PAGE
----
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Blood. 2017 Apr 13;129(15):2103-2110. doi: 10.1182/blood-2016-09-687889. Epub 2017 Feb 8.

GATA factor mutations in hematologic disease.

Author information

1
Division of Hematology/Oncology, Northwestern University, Chicago, IL; and.
2
Department of Pathology, University of Washington School of Medicine, Seattle, WA.

Abstract

GATA family proteins play essential roles in development of many cell types, including hematopoietic, cardiac, and endodermal lineages. The first three factors, GATAs 1, 2, and 3, are essential for normal hematopoiesis, and their mutations are responsible for a variety of blood disorders. Acquired and inherited GATA1 mutations contribute to Diamond-Blackfan anemia, acute megakaryoblastic leukemia, transient myeloproliferative disorder, and a group of related congenital dyserythropoietic anemias with thrombocytopenia. Conversely, germ line mutations in GATA2 are associated with GATA2 deficiency syndrome, whereas acquired mutations are seen in myelodysplastic syndrome, acute myeloid leukemia, and in blast crisis transformation of chronic myeloid leukemia. The fact that mutations in these genes are commonly seen in blood disorders underscores their critical roles and highlights the need to develop targeted therapies for transcription factors. This review focuses on hematopoietic disorders that are associated with mutations in two prominent GATA family members, GATA1 and GATA2.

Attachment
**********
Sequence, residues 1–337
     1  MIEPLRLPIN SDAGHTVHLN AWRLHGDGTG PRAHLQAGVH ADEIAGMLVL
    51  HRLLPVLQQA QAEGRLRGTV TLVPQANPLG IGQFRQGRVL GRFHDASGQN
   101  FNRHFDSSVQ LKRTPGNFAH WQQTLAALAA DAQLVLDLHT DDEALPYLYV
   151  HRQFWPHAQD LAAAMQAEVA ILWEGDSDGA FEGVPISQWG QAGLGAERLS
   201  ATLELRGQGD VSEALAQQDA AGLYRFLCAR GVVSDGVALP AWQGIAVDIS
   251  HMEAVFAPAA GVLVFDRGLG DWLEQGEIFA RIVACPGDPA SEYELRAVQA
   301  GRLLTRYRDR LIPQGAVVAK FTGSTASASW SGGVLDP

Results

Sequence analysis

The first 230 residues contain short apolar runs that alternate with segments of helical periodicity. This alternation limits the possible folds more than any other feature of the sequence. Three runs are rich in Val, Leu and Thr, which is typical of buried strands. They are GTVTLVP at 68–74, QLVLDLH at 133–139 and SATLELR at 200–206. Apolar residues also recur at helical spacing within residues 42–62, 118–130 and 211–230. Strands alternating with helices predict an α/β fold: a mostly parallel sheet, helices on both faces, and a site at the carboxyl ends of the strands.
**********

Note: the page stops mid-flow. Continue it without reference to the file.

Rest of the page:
PMID:
28179280
PMCID:
PMC5391620
DOI:
10.1182/blood-2016-09-687889
[Indexed for MEDLINE]
Free PMC Article

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